Data provided by Applied Health
side effects, nutrient depletions, herbal interactions and health notes:
• Strenuous physical exercise, drinking alcoholic beverages, or not eating enough can increase risk of your blood sugar becoming too low when taking Starlix.1
• Diabetes may be affected by many nutritional deficiencies, and using diabetic medications may increase the body’s nutritional needs. Ask your physician about supplementing the diet with a multivitamin.2
• High doses of the vitamin niacin may increase blood glucose levels. Excessive use of this nutrient should be avoided.3
• Alcohol use should be limited since it can interfere with diabetes management.4
• It may be advisable to avoid glucosamine in diabetes. It may raise insulin resistance.5
• The following herbs may lower blood sugar levels: Alfalfa, Aloe vera, Bilberry leaf, Burdock, Bitter Melon, Celery, Cornsilk, Damiana, Eucalyptus, Fenugreek, Garlic, Ginger, Panax Ginseng, Goat's Rue, Juniper, Marshmallow, Myrrh, Nettle, Onions, Sage and Tansy.6
References1 FDA Consumer Information, December 2000.
2 "The Medical Letter on Drugs and Therapeutics," (New Rochelle, NY, The Medical Letter, Inc.) thru Vol. 37 (952), July, 1995.
2 Berger W, Incidence of severe side effects during therapy with sulfonylureas and biguanides, Horm Metab Res Suppl, 1985, 15:111-5.
2 Rieder HP, Berger W, and Fridrich R: Vitamin status in diabetic neuropathy, Z Ernahrungswiss, 1980, 19 (1):1-13.
2 Carpentier JL, Bury J, Luyckx A, et al: Vitamin B12 and folic acid serum levels in diabetics under various therapeutic regimens, Diabete Metab, 1976, 2(4):187-90.
3 Balch JF, Balch PA: Prescription for Nutritional Healing, 1997, p. 231.
3 Schwartz ML. Severe reversible hyperglycemia as a consequence of niacin therapy. Arch Intern Med. 1993 Sep 13;153(17):2050-2.
3 Pronsky, Z Food Medication Interactions, 11th edition, 1999
4 Graedon J, Graedon T: The People’s Guide to Deadly Drug Interactions, 1995, p. 284.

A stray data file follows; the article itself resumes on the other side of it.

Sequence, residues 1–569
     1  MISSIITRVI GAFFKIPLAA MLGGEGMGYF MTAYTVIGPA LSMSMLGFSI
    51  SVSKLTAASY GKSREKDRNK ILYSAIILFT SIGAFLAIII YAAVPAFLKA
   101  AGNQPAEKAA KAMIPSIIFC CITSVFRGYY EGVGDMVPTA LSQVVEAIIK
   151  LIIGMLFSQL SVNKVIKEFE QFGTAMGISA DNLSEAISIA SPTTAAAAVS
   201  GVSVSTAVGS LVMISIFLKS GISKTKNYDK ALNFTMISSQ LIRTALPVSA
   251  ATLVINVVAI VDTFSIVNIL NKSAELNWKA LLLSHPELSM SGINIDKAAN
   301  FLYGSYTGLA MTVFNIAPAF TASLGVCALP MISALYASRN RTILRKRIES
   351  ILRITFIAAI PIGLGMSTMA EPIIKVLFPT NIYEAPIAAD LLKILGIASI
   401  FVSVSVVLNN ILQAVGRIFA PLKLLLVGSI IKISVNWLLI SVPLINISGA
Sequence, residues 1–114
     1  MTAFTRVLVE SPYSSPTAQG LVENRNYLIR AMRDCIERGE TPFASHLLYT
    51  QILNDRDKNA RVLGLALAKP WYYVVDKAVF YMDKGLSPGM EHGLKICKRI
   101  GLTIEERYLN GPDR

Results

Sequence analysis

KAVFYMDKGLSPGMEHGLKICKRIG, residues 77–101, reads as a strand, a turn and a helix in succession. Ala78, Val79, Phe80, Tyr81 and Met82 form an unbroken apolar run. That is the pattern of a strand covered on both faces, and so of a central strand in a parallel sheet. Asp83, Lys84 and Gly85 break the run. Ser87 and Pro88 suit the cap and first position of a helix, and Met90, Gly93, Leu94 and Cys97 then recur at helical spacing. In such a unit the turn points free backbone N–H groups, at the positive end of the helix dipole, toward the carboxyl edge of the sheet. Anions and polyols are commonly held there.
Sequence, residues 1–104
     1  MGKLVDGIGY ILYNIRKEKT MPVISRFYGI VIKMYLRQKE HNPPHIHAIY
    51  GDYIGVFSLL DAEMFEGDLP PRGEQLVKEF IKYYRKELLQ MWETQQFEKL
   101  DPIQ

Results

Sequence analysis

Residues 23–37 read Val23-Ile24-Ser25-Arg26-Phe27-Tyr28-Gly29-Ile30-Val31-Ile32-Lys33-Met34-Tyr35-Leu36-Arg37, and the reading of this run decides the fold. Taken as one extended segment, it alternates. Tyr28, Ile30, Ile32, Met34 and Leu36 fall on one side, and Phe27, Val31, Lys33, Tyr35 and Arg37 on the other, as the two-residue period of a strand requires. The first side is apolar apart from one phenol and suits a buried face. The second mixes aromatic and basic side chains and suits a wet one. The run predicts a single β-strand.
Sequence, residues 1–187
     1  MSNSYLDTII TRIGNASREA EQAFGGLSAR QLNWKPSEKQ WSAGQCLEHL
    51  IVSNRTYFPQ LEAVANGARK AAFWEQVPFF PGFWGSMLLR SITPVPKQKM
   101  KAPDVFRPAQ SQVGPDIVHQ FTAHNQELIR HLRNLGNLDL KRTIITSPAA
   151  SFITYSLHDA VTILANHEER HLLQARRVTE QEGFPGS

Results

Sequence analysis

4 Facts and Comparisons, Clinisphere 2.0, Wolters Kluwer Company, 2000
4 Pronsky, Z Food Medication Interactions, 11th edition, 1999
5 Miles PD, Higo K, Olefsky JM. Exercise-stimulated glucose turnover in the rat is impaired by glucosamine infusion. Diabetes. 2001 Jan;50(1):139-42.
5 Ross SA, Chen X, Hope HR, Sun S, McMahon EG, Broschat K, Gulve EA. Development and comparison of two 3T3-L1 adipocyte models of insulin resistance: increased glucose flux vs glucosamine treatment. Biochem Biophys Res Commun. 2000 Jul 14;273(3):1033-41.
5 Monauni T, Zenti MG, Cretti A, Daniels MC, Targher G, Caruso B, Caputo M, McClain D, Del Prato S, Giaccari A, Muggeo M, Bonora E, Bonadonna RC. Effects of glucosamine infusion on insulin secretion and insulin action in humans. Diabetes. 2000 Jun;49(6):926-35.
5 The Review of Natural Products, Facts and Comparisons, Clinisphere 2.0, Wolters Kluwer Company, 2000
6 Newall CA, Anderson LA, Phillipson JD. Herbal Medicines A Guide for Health-care Professionals. London: The Pharmaceutical Press, 1996.
6 Bever BO and Zahnd GR. Plants with oral hypoglycemic action. Q J Crude Drug Res 17: 139-196, 1979.
6 Welihinda J, et al. Effect of Momordica charantia on the glucose tolerance in maturity onset diabetes. J Ethnopharmacol 17: 277-282, 1986.
6 PDR for Herbal Medicines, 2nd edition, Medical Economics Company, 2000
6 Yongchaiyudha S, Rungpitarangsi V, Bunyapraphatsara N, et al. Antidiabetic activity of Aloe vera L. juice. I. Clinical trial in new cases of diabetes mellitus. Phytomedicine. 1996;3:241-243.
6 Neef H, et al. Inhibitory effects of Galega officinalis on glucose transport across monolayers of human intestinal epithelial cells (Caco-2). Pharm Pharmacol Lett 1996;6(2):86-89.
Want more special reports like this e-mailed to you when they're available? Click here for free e-mail alerts.
Share this Special Report by linking to it
Copy and paste the following HTML code into any web page:
The information in Drug Watch is provided as a courtesy to NewsTarget readers by Applied Health Solutions in cooperation with Healthway Solutions. Although the information is presented with scientific references, we do not wish to imply that this represents a comprehensive list of considerations about any specific drug, herb or nutrient. Nor should this information be considered a substitute for the advice of your doctor, pharmacist, or other healthcare practitioner. Please read the disclaimer about the intentions and limitations of the information provided on these pages. It is important to tell your doctor and pharmacist about all other drugs and nutritional supplements that you are taking if they are recommending a new medication. Copyright © 2007 by Applied Health Solutions, Inc. All rights reserved.